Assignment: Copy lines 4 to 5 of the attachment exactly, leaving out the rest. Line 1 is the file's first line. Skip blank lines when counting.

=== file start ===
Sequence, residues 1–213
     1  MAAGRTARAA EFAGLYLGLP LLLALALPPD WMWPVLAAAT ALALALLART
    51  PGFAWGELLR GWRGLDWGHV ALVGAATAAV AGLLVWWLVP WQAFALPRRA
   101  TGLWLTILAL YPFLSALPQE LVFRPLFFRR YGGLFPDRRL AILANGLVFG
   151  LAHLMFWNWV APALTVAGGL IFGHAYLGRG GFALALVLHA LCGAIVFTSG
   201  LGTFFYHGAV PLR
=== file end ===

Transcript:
   101  TGLWLTILAL YPFLSALPQE LVFRPLFFRR YGGLFPDRRL AILANGLVFG
   151  LAHLMFWNWV APALTVAGGL IFGHAYLGRG GFALALVLHA LCGAIVFTSG